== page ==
Decades ago Mexico City’s air pollution was so poor, birds would fall out of the sky — dead. Locals said living there was like smoking two packs of cigarettes a day, according to one report. In response, Mexico City took several steps to try to improve air quality including restricting driving one or two days during the weekdays. The program has had negligible results.
In 2008, the city added driving restrictions on Saturdays in hopes of moving the needle but according to new research by Lucas W. Davis, an associate professor at UC Berkeley’s Haas School of Business, extending the program one more day also isn’t working.
“Saturday driving restrictions are a flawed policy. It’s a big hassle for people and does not improve air quality,” says Davis, who is also the faculty director at the Energy Institute at Haas.
The study, “Saturday Driving Restrictions Fail to Improve Air Quality in Mexico City,” published in Scientific Reports, is the first to examine the effects of restricted driving on Saturdays. It compares pollution levels of eight major pollutants before and after the program went into effect. Having fewer motorists on the road on Saturdays led to close to zero impact. Proponents of the Saturday program had estimated vehicle emissions would be reduced by 15% or more.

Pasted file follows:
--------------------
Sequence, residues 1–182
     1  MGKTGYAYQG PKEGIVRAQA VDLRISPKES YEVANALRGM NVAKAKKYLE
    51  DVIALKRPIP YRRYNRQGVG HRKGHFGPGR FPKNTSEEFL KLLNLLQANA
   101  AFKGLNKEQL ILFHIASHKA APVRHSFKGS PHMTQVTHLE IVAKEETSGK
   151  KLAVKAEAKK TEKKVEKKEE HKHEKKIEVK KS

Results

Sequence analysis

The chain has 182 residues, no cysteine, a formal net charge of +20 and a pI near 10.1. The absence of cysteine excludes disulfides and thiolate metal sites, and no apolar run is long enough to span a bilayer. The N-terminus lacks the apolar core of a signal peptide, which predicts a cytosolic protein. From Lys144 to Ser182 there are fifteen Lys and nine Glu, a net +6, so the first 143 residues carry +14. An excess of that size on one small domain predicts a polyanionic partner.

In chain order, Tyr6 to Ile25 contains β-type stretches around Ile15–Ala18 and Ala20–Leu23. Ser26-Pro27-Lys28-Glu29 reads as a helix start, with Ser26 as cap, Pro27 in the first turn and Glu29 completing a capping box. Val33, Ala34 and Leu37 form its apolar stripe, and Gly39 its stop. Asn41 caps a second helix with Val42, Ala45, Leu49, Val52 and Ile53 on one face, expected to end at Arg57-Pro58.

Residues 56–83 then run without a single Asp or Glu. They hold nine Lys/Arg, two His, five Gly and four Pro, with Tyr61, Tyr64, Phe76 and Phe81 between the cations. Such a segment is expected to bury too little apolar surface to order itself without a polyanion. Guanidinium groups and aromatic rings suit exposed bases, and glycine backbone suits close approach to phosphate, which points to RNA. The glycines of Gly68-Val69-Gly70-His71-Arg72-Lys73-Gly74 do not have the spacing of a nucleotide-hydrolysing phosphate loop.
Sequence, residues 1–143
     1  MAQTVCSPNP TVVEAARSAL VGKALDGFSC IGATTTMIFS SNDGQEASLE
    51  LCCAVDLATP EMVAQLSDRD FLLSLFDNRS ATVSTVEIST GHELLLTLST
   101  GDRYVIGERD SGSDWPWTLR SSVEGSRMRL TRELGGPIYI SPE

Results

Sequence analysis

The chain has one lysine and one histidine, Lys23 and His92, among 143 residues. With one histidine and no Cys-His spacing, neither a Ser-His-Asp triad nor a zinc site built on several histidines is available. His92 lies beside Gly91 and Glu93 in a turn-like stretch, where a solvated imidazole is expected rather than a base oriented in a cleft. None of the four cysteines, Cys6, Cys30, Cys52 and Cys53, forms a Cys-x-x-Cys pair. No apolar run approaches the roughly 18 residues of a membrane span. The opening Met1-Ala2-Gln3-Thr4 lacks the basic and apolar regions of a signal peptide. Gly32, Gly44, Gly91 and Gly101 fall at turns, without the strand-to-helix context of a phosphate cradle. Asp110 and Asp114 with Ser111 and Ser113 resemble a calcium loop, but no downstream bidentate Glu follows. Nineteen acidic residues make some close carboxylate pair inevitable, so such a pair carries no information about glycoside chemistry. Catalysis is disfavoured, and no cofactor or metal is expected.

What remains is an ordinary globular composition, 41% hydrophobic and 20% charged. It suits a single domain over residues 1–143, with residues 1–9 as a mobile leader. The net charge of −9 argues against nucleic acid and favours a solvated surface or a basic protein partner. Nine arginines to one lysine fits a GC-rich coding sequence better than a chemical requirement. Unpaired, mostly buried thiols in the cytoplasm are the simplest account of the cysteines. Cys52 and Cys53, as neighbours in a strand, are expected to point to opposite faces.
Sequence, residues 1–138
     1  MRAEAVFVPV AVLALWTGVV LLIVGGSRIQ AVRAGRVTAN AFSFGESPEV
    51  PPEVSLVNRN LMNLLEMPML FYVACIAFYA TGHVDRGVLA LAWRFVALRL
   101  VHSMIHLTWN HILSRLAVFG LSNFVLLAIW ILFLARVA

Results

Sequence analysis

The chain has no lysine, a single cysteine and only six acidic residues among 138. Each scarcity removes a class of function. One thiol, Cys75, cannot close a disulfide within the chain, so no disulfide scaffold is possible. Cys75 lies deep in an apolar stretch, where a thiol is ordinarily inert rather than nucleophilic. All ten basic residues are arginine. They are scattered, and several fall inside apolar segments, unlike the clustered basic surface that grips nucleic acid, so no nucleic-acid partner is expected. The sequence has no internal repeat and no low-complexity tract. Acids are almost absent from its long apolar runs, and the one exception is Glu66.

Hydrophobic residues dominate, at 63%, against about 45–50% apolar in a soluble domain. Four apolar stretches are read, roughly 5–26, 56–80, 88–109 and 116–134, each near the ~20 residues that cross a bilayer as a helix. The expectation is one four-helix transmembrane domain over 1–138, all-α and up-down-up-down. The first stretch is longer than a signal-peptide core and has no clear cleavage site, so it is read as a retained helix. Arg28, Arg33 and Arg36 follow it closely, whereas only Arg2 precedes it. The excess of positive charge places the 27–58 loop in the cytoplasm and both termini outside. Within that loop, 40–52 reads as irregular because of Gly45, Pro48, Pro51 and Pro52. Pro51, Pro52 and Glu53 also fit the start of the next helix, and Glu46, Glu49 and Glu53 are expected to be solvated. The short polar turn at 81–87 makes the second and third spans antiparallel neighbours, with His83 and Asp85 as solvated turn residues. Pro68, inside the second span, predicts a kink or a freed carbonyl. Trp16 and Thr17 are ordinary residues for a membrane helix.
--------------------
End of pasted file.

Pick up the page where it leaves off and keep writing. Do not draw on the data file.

Mexico City has the worst air quality in the Western Hemisphere with particulate levels that are three to four times higher than in New York, Los Angeles, São Paulo, or Buenos Aires, the paper states.